From: Leslie Chan <email@example.com> (71)
Subject: 2nd Announcement of Symposium on Scholarly E-
 From: "Thomas P. Copley" (135)
Subject: ANNOUNCE> Fall '97 Tune In the Net Workshops
Date: Tue, 19 Aug 1997 21:48:12 +0100
From: Leslie Chan <firstname.lastname@example.org>
Subject: 2nd Announcement of Symposium on Scholarly E-Publishing
================= 2nd Announcement ========================
The Centre for Instructional Technology Development, University of
Toronto at Scarborough, is presenting a symposium entitled
BEYOND PRINT: SCHOLARLY PUBLISHING AND COMMUNICATION IN THE
ELECTRONIC ENVIORNMENT, September 26-27, 1997.
Speakers at the symposium will discuss the rapidly changing world of
scholarly and scientific communication as it evolves from a paper-based
model to one based on electronic networks that transcend traditional
The implications of this shift involve the economics of the new forms of
publishing, control of the publishing media, peer review and quality
control, the role of government agencies and university administrators,
accessibility, legal and copyright issues, and questions of retrieval,
archiving, and changing technology.
Keynote speaker will be Dr. Stevan Harnad, an acknowledged pioneer in
the emerging field of networked scholarly publishing, and founding
editor of the journal Behavioural and Brain Sciences and the first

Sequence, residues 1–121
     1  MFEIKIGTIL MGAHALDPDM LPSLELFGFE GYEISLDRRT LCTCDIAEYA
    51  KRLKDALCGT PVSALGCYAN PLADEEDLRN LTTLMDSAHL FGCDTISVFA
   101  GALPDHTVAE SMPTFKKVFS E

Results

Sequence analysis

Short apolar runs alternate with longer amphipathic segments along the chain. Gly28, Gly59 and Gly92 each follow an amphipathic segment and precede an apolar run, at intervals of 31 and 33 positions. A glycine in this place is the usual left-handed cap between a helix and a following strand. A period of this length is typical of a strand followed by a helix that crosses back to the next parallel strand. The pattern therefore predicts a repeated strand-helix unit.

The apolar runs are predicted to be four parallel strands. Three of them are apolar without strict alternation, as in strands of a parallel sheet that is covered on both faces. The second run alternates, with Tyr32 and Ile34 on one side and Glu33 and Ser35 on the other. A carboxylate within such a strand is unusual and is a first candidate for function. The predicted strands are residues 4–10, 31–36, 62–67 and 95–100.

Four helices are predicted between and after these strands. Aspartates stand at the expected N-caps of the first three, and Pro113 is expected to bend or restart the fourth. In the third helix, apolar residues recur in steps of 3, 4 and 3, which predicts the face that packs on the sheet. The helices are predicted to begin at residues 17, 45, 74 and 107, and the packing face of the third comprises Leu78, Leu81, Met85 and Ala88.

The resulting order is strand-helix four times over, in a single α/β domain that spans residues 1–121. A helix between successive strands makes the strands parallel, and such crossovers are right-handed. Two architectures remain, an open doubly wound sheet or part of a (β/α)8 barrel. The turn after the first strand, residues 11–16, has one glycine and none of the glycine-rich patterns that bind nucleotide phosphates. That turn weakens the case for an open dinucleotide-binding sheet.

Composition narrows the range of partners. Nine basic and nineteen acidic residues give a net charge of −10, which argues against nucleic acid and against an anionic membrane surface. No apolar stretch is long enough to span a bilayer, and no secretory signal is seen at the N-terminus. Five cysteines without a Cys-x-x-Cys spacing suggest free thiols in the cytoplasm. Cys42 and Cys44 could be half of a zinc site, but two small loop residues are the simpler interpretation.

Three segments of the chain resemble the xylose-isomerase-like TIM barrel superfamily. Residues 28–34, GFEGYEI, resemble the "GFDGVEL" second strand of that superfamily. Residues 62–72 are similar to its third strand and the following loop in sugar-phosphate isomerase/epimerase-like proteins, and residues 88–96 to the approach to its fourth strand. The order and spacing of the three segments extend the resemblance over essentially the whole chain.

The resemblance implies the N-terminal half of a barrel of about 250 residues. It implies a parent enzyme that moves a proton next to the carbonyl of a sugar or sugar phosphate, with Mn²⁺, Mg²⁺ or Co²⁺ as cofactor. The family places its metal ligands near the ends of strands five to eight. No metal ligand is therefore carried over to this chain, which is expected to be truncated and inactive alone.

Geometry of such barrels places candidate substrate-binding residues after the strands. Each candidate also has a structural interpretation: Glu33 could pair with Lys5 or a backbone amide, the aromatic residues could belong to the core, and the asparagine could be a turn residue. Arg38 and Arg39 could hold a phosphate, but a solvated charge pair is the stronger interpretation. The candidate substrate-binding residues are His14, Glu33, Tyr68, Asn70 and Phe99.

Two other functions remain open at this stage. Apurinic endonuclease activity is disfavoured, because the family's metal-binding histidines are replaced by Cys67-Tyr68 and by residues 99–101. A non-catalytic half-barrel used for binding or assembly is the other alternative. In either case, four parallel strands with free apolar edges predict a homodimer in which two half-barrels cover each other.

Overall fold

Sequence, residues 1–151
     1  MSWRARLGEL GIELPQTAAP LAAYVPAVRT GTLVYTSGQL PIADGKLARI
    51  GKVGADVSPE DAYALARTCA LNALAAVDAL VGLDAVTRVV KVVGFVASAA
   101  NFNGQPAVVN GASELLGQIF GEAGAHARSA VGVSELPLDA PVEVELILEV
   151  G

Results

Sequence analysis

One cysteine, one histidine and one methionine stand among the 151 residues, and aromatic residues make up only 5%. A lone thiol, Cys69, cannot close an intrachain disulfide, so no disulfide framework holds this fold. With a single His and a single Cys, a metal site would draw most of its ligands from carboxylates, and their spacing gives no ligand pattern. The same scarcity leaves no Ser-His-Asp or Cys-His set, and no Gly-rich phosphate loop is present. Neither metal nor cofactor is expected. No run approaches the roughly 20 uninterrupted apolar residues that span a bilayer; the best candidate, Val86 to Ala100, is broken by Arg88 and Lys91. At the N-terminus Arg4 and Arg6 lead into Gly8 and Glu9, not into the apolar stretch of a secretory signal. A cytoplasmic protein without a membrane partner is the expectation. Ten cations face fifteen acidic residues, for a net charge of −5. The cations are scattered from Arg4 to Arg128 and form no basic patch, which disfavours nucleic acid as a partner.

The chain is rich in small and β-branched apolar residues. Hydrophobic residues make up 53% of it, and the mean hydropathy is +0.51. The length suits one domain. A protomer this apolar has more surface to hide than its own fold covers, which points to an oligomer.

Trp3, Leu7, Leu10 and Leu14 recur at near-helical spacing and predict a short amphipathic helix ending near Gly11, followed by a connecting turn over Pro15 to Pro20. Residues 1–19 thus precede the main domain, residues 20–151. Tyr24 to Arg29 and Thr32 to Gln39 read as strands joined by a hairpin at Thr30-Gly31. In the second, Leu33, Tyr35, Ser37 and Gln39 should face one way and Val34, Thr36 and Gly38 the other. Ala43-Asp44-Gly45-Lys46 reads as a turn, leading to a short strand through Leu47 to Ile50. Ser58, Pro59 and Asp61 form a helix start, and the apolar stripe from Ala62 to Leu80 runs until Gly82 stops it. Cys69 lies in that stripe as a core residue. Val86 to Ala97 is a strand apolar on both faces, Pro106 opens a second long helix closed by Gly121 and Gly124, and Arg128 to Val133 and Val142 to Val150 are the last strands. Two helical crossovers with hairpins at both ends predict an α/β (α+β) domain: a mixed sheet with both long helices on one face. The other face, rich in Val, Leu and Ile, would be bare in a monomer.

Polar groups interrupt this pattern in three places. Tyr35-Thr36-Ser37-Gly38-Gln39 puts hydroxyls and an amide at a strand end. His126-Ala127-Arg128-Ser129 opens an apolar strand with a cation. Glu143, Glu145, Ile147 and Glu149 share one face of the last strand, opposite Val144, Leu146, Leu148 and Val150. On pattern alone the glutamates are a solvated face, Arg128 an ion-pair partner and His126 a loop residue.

peer-reviewed psychology e-journal, Psycoloquy.
Other speakers will include Margot Montgomery, Director General of the
National Research Council of Canada; Taissa Kusma, Director of
Electronic Product Development, Academic Press; Lesley Ellen Harris,
author of the book Canadian Copyright Law; Richard Hulser, Consultant
for the IBM Digital Library program; Gregory Crane, Editor-in-Chief of
the Perseus Project; Shealagh Pope, Project Director of the e-journal
Conservation Ecology; Peter Boyce, Senior Associate of e-publishing at
the American Astronomical Society, Barbara Kirsop and Vandelei Canhos of
Bioline Publications; Ian Lancashire, Founder of the Centre for
Computing in the Humanities at the University of Toronto. (For a
complete list of speakers and agenda, see:
The symposium will be of interest to academics and researchers,
librarians and publishers, computer specialists, and anyone who is a
stakeholder in the realm of scholarly and scientific communication.
Proceedings begin at 1 p.m. on Friday, September 26 and continue until 9
p.m., then reconvene Saturday, September 27 from 9 a.m. until 5 p.m. A
dinner/reception will be held on Friday at 5:30.
The registration fee is $60 for individuals from non-profit or
educational institutions, $120 for individuals from business or
corporations, $30 for students. The fee includes conference materials,
refreshments, and Friday's dinner/reception.
U of T at Scarborough is located at: 1265 Military Trail, Scarborough,
Ontario, M1C 1A4.